Electricity bills 'need to rise to pay nuclear costs'

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The Independent Online
TAX and electricity bills will have to rise to pay for decommissioning ageing nuclear power plants, a Labour MP said yesterday after a powerful Commons select committee warned the Government to face up to the costs.

Alan Williams, a member of the Public Accounts Committee, said consumers would be paying a levy of 29 per cent on electricity from 1995 to 1999, to pay for the cost of taking out of service and making safe ageing nuclear power stations in the next century.

He was speaking after the PAC cast doubt on the industry's estimates of the cost of decommissioning, and warned ministers to face up to the possibility of higher costs, by establishing a separate 'visible, guaranteed fund' for making redundant nuclear power stations safe.

The report amounted to a heavy shot across the bows of the Department of Trade and Industry, which is preparing the terms of reference for a review of the nuclear power industry. DTI ministers are involved in a behind-the-scenes dispute with environment ministers and the Treasury, who are anxious to ensure that long-term costs are included in the review of whether the industry can be privatised.

The PAC said the cost of decommissioning had been faced only in recent years, when privatisation was likely. Estimates increased by 100 per cent, but had been reduced since privatisation was delayed. 'Such weaknesses in oversight have led to inadequate provisions for decommissioning costs in the industry's accounts and prices . . .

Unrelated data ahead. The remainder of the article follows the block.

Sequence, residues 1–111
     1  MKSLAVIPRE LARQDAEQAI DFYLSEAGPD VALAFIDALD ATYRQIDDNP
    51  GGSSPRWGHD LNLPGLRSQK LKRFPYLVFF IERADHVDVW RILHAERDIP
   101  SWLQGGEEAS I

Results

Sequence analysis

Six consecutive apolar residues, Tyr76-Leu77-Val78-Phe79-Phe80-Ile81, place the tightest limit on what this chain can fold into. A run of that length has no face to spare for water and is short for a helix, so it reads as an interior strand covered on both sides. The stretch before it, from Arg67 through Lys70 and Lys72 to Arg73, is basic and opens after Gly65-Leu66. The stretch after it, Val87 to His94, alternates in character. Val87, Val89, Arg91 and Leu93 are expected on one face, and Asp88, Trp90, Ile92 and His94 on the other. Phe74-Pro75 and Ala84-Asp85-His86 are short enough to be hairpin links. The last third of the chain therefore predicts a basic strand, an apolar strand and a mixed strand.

'It is clear that the charges which will fall on consumers and taxpayers to pay for nuclear decommissioning will be very large in future,' said the PAC, chaired by Robert Sheldon, a former Labour minister.

The Government was committed to paying about pounds 6bn towards decommissioning, and insisted no more would have to be met by the taxpayer from the 'nuclear levy' on electricity prices. But the PAC said the nuclear power companies, set up to prepare for privatisation, had invested their decommissioning money in their own businesses.

The report alarmed the industry. Nuclear Electric and Scottish Nuclear reacted vigorously, arguing that they had accurately calculated the costs of decommissioning and would have enough funds to carry it out.

John Collier, chairman of Nuclear Electric, said: 'We know exactly how to decommission all Nuclear Electric's power stations and it can be met from our own cash flows.'

He said that the company had been able to reduce its overall decommissioning liabilities from pounds 3.5bn to pounds 2.7bn by detailed engineering work. Nuclear Electric was on course to meet that liability without any need for subsidy or extension of the current levy on electricity bills since the funds were already being gathered, banked and earning interest.